And then the scriptwriters probably went binge drinking, and picked Zemo (Daniel Bruhl) as the villain of the piece. What can we say? That rubbery tofu your vegan friend won't touch is more flavourful than him. Half the fun of a superhero story is a truly malevolent, maniacal villain. Zemo is given a veneer of complication with his secret motivation, but he's neither creative nor complex. You'll shed a wistful tear for Loki - and that brings us to the question of inevitable comparisons.

There is no escaping the comparison with that sodden disappointment, Batman v Superman: Dawn of Justice, owing to the same ethical premise. Let us be clear, Captain America: Civil War is a better film. However, a more valid comparison might be with a film from the Marvel universe instead - like The Avengers. Joss Whedon's film was comic-book gold because it never lost sight of the entertainment factor of these stories.

Captain America: Civil War can't seem to decide which route to take - entertain or provoke thought. Unfortunately it tries to do both, though the makers' forte is clearly the former. The audience is bound to get annoyed at being unnecessarily and repeatedly dragged away from aspartame action to morose reflection that goes nowhere. This kind of unnecessary posturing is slowly and surely becoming the bane of all superhero films. After all, not everyone can channel the brilliance of Christopher Nolan's paradigm-shifting Batman trilogy. Therefore, to all such filmmakers, we send this simple message: "Your source material is a comic book, dude. Relax."

Either way, Captain America: Civil War is one of the better superhero films to be made in recent times. Grab those 3D glasses, and head to the nearest Imax this weekend.
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Captain America: Civil War (english) reviews
Rating is quick and easy - try it!
Can watch again - NA
Good for kids - NA
Good for dates - NA
Wait to rent it - NA
ShivaKK on 9th May 2016, 8:52pm | Permalink
I didn't like the movie for one reason. They made Spiderman just 'KICK a SIDE'.
Jo on 6th May 2016, 10:45pm | Permalink
Movie Review : Captain America- Civil War - A visual action spectacle with who's-who of Marvel superheroes (well, Thor and Hulk missing). Have a go people, you will be entertained. It's a promise.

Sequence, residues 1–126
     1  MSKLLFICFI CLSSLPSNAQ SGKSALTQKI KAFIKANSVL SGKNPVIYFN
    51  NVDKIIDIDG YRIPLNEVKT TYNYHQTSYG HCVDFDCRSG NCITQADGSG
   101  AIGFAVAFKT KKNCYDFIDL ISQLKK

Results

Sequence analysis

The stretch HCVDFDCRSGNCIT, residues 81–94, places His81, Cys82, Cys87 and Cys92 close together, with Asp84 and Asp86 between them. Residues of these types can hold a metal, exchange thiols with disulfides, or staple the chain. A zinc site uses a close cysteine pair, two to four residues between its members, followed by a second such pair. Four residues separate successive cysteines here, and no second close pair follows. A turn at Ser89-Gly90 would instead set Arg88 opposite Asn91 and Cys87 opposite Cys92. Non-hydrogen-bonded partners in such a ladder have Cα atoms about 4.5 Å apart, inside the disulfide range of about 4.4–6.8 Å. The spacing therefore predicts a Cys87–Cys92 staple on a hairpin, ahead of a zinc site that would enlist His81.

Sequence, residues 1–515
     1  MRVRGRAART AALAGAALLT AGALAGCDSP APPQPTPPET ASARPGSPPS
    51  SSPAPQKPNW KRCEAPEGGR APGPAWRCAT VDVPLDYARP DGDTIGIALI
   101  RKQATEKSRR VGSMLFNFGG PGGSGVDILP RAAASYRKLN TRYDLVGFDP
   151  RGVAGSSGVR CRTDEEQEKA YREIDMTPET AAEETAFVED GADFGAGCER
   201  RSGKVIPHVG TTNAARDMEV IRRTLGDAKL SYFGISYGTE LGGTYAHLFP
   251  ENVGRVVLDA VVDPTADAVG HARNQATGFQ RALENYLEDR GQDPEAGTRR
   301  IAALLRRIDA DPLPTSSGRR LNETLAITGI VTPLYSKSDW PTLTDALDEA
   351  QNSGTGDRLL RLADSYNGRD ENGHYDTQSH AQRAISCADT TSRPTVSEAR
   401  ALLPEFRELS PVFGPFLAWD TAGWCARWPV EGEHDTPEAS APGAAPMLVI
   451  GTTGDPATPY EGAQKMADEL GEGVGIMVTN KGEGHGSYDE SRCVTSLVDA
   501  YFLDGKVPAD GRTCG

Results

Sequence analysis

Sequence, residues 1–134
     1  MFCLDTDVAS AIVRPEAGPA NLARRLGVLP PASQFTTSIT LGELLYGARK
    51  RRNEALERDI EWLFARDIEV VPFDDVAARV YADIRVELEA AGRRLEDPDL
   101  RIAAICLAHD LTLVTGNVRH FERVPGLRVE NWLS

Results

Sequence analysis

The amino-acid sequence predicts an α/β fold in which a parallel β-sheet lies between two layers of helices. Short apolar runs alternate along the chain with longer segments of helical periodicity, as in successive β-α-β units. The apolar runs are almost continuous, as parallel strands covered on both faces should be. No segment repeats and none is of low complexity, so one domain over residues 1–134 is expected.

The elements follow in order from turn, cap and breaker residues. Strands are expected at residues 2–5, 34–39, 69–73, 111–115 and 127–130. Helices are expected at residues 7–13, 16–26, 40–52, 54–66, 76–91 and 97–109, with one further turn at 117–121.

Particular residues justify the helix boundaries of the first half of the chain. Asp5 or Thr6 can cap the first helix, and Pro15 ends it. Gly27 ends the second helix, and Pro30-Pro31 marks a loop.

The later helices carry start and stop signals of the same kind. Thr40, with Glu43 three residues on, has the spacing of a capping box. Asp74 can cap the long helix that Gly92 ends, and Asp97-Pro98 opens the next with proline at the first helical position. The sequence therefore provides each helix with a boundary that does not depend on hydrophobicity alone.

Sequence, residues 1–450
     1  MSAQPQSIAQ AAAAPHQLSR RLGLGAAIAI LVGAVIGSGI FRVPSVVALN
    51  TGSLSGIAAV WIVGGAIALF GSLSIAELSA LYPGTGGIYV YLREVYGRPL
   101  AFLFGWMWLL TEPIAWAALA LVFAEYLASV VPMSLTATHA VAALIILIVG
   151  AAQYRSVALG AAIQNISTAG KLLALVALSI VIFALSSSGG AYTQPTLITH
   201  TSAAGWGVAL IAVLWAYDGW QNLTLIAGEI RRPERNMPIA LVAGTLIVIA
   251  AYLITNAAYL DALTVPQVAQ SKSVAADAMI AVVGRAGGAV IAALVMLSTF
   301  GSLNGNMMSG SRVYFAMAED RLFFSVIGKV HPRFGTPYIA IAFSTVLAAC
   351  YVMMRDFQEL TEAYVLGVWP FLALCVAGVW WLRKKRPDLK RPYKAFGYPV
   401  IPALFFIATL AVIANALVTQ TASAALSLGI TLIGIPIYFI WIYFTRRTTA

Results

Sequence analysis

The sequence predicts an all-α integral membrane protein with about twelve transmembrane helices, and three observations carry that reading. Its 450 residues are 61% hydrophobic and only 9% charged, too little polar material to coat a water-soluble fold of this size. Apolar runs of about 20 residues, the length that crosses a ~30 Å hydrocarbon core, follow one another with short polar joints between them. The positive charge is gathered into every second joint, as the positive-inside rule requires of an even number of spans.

Who cares about a story when you have all your favorite super-heroes performing stunts that defy all known laws of physics. Bye bye Newton! Here come the Avengers .. Civil War, as the name suggests is a fight among the Avengers with Captain America and Iron Man leading the opposite sides.
When an op in Africa results in Wanda (telekinetic lady) inadvertently causing deaths of few civilians, many leaders of the world unite to put some sanctions on the Avengers and want to make them answerable to a governing body. Tony Stark (Iron Man), driven by his own guilt, agrees to the re-org, but Steve Rogers (Captain America), seeing it as a political agenda, vehemently opposes it and thus starts the division of the Avengers. All the fights and battles that ensue form the rest of the movie.
This has a load of characters and none of them disappoints.
Captain America- Usually the voice of reason, but in this movie you see some questionable decisions he makes and that's what makes him more human than super.
Iron Man - Guilt-ridden, he is not as witty as he could be but still entertains nevertheless
Black Widow - She seriously kicks some... The first fight sequence itself would have sold me the movie. Scarlett rocks!!
Black Panther - First I mistook him to be related to batman but since this is Marvel, it couldn't be. He is alright!
Spiderman - Funniest of all. And there is a surprise at the end credits for all his fans
Ant-Man - He has a small role but he totally rocks it!
Clint Barton - Called back from retirement, he still hasn't lost his touch
Sam Wilson - The guy with the bird costume, who knows another guy.. remember Michael Pena from Ant-Man ????
Vision - The Ultron guy, who is becoming more human and probably is in quest for power that the infinity stone weilds..
Wanda - With some super-cool powers, she is uber cool!
It was so much fun watching them all together.. Can't wait for Marvel's next adventure...
There were around 500 people in this huge theater (all sold out) and not one of them left the theater after the movie ended. There are 2 end-credit tidbits. So don't leave until they ask you to :P